Ferrari SF70H ActionFormula One 2017 is radically different, the sport’s regulator driving change with a completely revised set of technical regulations making it a much faster, more dramatic and physically demanding experience for the 20 drivers who compete for the World Championship title. The result has been an end to Mercedes’ domination, a resurgent Ferrari and a duel between Germany’s Sebastian Vettel and Britain’s Lewis Hamilton.

The last 20 years have seen year-on-year improvements to safety, fuel efficiency and environmental sustainability. The result was a Formula One which became perceived as risk averse, with cars much easier to drive and the noise of the 350kph machines dulled by the move to energy efficient petrol-electric hybrid engines.

This year the cars are longer, wider and fitted with much larger tyres capable of supporting vastly increased cornering speeds. These speeds have been aided by a step-change in the aerodynamic regulations, enabling the drivers to push flat-out through the twists and turns of the 20 Grand Prix race venues.

The increased performance could be seen first-hand in the opening race of 2017 in Melbourne, Australia, with the fastest lap of the race, set by Ferrari’s Kimi Raikkonen, a full 2.5 seconds faster than in 2016. in Spain last weekend one corner which previously exerted forces approaching 4.5G on the cars and drivers – meaning a driver’s head would feel 4.5 times heavier than normal in the quickest turns – had increased to 5G.

And the result? The season started with not only significantly faster cars but an overturned form book with Ferrari defeating the previously dominant Mercedes Benz team in Australia and Germany’s Sebastian Vettel returning to the top step of the podium. Since then Vettel has taken a further victory in Bahrain to lead the World Championship for Drivers, while Lewis Hamilton has matched him with two wins and team mate Valtteri Bottas took his maiden victory for Mercedes Benz  in Russia.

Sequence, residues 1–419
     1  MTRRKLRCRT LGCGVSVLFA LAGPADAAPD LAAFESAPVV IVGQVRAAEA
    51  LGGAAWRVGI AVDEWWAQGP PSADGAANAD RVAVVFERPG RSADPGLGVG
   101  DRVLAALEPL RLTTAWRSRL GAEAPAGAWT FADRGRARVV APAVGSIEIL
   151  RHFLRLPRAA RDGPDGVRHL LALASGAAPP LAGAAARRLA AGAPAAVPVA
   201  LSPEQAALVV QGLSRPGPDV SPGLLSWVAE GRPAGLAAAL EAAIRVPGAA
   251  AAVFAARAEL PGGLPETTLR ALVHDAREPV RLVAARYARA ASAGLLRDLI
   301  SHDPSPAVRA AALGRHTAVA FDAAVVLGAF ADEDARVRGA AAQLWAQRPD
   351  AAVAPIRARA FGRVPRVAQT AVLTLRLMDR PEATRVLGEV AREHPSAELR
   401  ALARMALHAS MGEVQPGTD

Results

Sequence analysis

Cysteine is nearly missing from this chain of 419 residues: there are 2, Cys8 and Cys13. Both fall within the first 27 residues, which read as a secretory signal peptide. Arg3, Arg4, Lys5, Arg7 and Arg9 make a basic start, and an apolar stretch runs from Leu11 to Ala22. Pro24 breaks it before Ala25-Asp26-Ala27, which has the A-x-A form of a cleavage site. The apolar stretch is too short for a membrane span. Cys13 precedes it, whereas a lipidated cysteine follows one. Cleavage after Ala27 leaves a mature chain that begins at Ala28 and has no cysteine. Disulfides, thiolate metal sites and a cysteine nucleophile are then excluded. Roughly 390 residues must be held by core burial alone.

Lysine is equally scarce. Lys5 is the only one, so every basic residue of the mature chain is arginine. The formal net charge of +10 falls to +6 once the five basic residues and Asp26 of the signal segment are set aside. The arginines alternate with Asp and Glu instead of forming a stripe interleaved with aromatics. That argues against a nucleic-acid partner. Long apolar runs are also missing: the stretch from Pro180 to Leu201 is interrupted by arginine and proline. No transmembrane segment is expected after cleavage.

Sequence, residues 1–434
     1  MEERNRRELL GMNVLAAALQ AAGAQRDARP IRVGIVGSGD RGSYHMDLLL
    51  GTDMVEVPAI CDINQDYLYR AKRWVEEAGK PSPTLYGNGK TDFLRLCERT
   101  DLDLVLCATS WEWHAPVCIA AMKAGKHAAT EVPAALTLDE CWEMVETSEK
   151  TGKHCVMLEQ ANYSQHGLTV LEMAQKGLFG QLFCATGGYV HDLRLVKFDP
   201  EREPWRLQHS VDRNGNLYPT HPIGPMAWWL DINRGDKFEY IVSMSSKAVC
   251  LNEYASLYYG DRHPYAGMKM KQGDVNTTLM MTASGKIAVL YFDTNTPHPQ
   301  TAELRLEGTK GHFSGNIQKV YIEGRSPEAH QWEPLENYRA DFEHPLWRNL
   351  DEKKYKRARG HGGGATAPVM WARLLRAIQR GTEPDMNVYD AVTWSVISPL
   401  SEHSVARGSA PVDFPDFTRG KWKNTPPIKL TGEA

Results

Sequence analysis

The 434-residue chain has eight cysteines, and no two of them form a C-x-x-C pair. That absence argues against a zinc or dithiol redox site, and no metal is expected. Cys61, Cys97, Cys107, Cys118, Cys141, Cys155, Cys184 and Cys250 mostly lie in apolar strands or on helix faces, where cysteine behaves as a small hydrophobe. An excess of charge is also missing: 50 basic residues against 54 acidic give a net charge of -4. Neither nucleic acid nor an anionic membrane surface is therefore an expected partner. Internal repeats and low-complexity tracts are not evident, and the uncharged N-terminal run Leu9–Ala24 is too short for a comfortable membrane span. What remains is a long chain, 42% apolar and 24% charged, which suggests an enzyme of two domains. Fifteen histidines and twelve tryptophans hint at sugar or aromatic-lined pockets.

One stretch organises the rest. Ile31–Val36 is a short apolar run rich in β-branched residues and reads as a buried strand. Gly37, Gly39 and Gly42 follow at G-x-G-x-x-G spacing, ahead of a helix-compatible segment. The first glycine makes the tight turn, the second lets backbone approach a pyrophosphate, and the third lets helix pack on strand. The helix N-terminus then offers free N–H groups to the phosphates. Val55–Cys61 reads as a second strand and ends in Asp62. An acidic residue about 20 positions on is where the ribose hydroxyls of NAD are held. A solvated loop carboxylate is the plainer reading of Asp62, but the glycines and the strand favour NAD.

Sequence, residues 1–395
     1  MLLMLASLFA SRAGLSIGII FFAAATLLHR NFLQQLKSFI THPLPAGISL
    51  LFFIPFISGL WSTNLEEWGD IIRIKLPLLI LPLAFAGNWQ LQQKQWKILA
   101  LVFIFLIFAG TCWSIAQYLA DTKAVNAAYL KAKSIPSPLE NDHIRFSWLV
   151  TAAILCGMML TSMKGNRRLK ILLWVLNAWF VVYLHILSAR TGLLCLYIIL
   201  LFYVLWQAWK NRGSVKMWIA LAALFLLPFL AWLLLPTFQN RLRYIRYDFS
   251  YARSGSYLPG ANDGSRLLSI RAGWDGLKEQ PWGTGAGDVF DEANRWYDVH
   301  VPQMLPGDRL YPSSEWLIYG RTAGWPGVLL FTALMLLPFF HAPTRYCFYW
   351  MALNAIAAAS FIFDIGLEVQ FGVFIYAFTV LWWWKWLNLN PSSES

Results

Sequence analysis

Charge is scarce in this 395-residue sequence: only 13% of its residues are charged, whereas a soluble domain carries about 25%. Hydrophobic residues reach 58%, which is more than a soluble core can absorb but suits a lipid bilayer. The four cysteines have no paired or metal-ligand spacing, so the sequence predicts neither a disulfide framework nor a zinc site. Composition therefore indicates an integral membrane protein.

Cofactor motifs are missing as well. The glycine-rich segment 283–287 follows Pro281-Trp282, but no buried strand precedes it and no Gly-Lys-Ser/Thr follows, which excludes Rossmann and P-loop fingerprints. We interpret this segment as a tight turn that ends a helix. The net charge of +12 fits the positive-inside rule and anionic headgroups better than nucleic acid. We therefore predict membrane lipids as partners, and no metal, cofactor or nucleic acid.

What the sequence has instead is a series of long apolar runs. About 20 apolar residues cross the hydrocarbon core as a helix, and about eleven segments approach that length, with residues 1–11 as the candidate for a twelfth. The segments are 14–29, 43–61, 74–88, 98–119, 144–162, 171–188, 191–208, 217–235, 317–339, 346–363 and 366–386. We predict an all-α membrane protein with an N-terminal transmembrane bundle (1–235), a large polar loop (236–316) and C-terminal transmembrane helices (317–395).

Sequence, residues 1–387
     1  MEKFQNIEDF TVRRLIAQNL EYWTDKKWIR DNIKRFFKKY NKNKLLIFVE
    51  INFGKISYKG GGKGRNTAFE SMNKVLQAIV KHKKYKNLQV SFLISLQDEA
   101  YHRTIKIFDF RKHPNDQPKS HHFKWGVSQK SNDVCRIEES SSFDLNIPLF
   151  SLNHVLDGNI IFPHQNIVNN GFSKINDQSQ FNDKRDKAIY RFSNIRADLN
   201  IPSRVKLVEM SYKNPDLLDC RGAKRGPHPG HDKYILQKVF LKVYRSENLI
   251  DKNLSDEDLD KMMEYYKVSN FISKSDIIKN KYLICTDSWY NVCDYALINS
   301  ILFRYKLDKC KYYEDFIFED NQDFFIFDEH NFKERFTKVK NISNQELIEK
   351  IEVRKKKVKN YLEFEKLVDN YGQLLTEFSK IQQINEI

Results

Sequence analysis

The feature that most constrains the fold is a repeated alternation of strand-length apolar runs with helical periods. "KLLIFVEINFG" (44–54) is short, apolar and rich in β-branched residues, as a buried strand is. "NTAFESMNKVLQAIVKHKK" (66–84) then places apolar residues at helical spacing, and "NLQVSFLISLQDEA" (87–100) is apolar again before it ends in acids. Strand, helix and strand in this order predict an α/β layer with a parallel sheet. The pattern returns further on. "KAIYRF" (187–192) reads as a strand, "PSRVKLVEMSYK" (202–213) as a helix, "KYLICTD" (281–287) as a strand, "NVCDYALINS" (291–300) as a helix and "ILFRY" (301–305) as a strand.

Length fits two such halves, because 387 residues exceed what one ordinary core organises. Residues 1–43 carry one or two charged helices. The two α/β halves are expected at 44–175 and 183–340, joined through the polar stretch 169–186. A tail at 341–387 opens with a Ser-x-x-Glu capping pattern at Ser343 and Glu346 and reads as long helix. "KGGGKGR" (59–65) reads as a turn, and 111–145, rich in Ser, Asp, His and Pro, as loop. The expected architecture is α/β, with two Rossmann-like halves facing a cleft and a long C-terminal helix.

“The new cars look dramatic, whether standing still or going past you at 300kph, and the drivers barely have to brake at the quicker corners,” says Mark Gallagher. “It’s a pretty visceral spectacle. The potential for risk has increased, so our emphasis on risk management and keeping safety at the centre of our day to day operations has moved to a new level. And the drivers are certainly feeling the pressure; it’s a much tougher challenge to drive these machines on the limit of adhesion for up to 2 hours at a time.”

And the big takeaway from all of this?

“Once again, when confronted by a new set of regulations, all the teams have responded magnificently by designing, manufacturing and producing entirely new Formula One cars in a little over 6 months; fully compliant, meeting the key operational requirements and pushing the performance envelope ever outwards. Innovation has again been key, and both the Mercedes and Ferrari feature some radical thinking.  We have already seen an evolution in these designs across the first 5 Grands Prix, and I expect that by the end of 2017 we will see record after record being smashed by these extraordinary pieces of technology.”